Coaching through Transition: Part II

Over the course of several Tuesdays — Transition Tuesdays — I am sharing one area of my practice that thrills me more than just about anything — coaching individuals with disabilities and their families as they transition from one life stage to another. Please note that while I’ll be describing a coaching scenario that is very similar to several families that I’ve worked with, it is an amalgamation of those conversations and is not based on any one family.

In Part I, I introduced you to Jon, Kate, and Dan and wrote a little about my approach to coaching families through the transition planning necessary to move students with disabilities from high school into an interdependent, adult life.

From here, I’ll share more about my role in working with Jon, Kate and Dan. I’ll also talk some about what it means to be “humanistic” in coaching… and I’ll hint a bit at how we’re going to get everyone on the same page and pointing forward.

Foundations of Family Transition Coaching

Coaching a family through a transition requires a balance of coaching, mediation, and networking skills that allow each individual to be heard, address potential conflicts in a person-centered manner, and build the natural supports that will help ensure long-term success.  The humanistic approach is based heavily on the work of Carl Rogers.

“It is through an optimal climate (empathy, positive regard, genuineness), in the relationship and provided by the practitioner, that the client’s capacity for self-growth is accessed.” — Carl Rogers

The humanistic approach has self-actualization as a foundational emphasis along with:

  1. a relational emphasis as the fundamental source of change
  2. a holistic view of the person as a unique being
  3. a belief in the possibility of freedom of choice with the accompanying responsibility –Stober & Grant

As Jon has likely experienced low expectations based upon his identified disability, it is especially important that I demonstrate high regard for him and support him in expressing his dreams in a safe environment.

Showing high regard for Jon and coaching him through goal-setting and attainment must be balanced with a measure of advocacy. I may need to work individually with his mother, who may see her son as a perpetual child, and with his father, who may not acknowledge some of his son’s real need for supports in identifying their roles in limiting their son’s options for future growth.

“People are masters of their own destiny in the sense that they take charge of their own development if they want to grow. Nothing can be done to make them grow; they grow only as they want to and as their own insights enable them to.” — Paul J. Brouwer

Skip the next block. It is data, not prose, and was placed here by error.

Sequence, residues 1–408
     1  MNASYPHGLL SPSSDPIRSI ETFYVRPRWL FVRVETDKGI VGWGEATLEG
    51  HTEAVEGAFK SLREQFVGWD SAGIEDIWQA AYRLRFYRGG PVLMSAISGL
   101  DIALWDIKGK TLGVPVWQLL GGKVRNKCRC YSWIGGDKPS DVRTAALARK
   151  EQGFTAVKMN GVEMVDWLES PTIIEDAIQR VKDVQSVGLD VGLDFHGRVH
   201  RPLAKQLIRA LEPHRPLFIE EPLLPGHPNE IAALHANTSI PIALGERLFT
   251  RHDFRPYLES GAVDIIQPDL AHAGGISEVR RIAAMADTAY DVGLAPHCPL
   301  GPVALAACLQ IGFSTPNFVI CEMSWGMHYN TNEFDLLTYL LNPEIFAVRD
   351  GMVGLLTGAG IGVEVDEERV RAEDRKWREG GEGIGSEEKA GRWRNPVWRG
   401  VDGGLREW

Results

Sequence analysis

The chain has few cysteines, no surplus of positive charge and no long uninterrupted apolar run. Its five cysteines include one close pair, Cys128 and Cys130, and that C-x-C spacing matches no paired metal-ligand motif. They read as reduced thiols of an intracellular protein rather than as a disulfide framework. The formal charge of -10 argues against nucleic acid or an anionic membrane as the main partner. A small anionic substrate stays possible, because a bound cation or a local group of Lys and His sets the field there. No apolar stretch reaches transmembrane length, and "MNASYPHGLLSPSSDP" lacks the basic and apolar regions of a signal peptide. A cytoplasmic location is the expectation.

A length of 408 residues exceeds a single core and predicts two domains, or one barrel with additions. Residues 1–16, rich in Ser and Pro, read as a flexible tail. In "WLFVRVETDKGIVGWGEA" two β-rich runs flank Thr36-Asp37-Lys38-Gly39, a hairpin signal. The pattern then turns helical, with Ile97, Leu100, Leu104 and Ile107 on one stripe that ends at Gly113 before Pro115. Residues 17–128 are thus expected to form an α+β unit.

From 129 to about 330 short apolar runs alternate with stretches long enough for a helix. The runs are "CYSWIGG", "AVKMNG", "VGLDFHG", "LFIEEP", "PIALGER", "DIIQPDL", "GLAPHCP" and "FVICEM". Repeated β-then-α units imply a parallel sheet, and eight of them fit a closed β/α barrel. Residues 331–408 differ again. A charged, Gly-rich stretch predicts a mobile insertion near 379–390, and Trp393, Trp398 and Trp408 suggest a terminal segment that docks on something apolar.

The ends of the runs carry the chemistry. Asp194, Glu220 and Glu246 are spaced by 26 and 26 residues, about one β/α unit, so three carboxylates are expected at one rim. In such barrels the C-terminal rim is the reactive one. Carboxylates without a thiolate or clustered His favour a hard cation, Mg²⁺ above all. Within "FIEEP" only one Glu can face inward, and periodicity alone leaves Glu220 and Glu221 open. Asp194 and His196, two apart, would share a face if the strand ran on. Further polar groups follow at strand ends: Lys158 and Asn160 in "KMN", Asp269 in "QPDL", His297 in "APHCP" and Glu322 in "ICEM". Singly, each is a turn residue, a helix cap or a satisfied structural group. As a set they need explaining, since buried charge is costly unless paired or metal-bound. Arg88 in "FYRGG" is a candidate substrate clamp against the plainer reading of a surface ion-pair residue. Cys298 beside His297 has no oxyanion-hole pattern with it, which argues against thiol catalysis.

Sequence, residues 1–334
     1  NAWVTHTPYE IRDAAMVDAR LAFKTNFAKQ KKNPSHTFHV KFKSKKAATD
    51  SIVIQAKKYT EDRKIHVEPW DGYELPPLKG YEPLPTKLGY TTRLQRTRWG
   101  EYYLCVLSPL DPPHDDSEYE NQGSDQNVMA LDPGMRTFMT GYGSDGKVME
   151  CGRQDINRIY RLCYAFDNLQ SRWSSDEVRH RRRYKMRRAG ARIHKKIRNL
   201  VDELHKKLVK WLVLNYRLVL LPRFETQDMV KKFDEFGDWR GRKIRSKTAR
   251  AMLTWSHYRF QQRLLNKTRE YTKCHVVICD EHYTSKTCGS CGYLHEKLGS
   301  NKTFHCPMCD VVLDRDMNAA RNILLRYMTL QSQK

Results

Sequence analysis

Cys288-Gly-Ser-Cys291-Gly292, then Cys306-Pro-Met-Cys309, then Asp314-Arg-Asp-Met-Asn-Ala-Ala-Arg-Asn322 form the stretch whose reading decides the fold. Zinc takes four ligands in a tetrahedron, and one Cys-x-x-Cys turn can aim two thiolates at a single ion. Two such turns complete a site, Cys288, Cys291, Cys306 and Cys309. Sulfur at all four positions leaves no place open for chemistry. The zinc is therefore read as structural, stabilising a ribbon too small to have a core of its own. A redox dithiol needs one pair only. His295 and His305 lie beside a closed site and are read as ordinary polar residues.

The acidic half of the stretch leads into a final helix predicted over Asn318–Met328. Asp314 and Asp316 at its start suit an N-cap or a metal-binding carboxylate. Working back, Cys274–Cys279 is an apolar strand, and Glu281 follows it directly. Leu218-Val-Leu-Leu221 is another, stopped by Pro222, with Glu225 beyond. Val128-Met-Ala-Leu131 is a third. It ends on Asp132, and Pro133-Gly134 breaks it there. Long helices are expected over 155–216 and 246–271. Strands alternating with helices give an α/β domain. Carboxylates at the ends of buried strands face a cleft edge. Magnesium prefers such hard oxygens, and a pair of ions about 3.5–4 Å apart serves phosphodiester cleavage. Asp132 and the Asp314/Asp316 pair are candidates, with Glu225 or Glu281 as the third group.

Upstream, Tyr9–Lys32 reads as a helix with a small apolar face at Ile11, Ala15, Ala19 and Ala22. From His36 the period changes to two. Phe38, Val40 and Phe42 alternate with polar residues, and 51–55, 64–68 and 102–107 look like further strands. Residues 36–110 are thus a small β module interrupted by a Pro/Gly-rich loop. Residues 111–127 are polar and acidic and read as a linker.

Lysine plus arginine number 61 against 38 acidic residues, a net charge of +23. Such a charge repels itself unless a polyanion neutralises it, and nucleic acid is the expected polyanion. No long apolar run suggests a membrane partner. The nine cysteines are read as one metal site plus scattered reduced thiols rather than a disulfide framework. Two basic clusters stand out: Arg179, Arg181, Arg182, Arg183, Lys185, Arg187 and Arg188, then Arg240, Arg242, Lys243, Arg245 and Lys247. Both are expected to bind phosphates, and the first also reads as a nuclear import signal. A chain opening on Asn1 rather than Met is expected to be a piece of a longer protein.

This quote is ever more poignant when you realize that, in some cases, the parents’ lack of growth can inhibit their son’s reaching his dreams. Part of this coaching process must address this reality if Jon is to have any realistic hope of launching into adulthood as an interdependent, self-determined individual.

One important note about my work with families: my goal is never — not ever — to undermine Jon’s relationship with the people who love and support him. Yes, I may work to help him build confidence while also helping him show his parents where he can soar without tethers, but I also recognize that every single one of us needs other people.

People do the best with what they know, and Kate and Dan are no different. It certainly isn’t my place to tell this family what to do — but I do see it as my role to open up the windows and allow some fresh ideas to blow in. What they choose to do with those ideas is truly up to them. As Martha Beck recently wrote so eloquently in O, The Oprah Magazine, it’s about loving without caring. Somehow, in my coaching, I am able to facilitate change without the impulse to control the outcome. I promise to share more about this balance later.

Tools of the Trade and Then Some

In order to achieve the foundational elements of this relationship – establishing trust, supporting Jon in being a self-determined individual, gaining buy-in from his parents on his goals, and building a strong circle of support – I pull from every evidence-based method at my disposal. I use aspects of The Learning Community’s Essential Lifestyle Planning – which the Centers for Medicare and Medicaid are studying through a five-year, five-state demonstration project – along with PATH planning, co-active coaching tools, person-centered assessments, and graphic facilitation methods that allow Jon to participate in conversations where he has traditionally been shut out.

In Part III, I’ll outline the process and the steps I’m using to walk Jon and his parents through his transition. And when I say “process and steps” I mean a delightful mix of gentle fact-finding, person-centered conversations, and fun facilitation with colors and markers and BIG paper! Wooohooooo!


For folks who like to know more, here are the references from this post:

Brouwer, P. J. (1964). The power to see ourselves. Harvard Business Review, 42(6), 156-165.

Helen Sanderson and Associates. (2007). Person centred thinking. Liberty, Missouri: HSA, USA.

Pearpoint, J., O’Brien, J., & Forest, M.  (1993). PATH: Planning possible positive futures. Inclusion Press:  Toronto.

Peterson, D. (1996). Executive coaching at work: The art of one-on-one change. Consulting Psychology Journal: Practice and Research, 48(2), 78-86.

Stober, D. R. & Grant, A. M. (eds.) (2006). Evidence based coaching handbook: Putting the best practices to work for your clients. Hoboken, NJ: John Wiley & Sons, Inc.

Related Posts Plugin for WordPress, Blogger...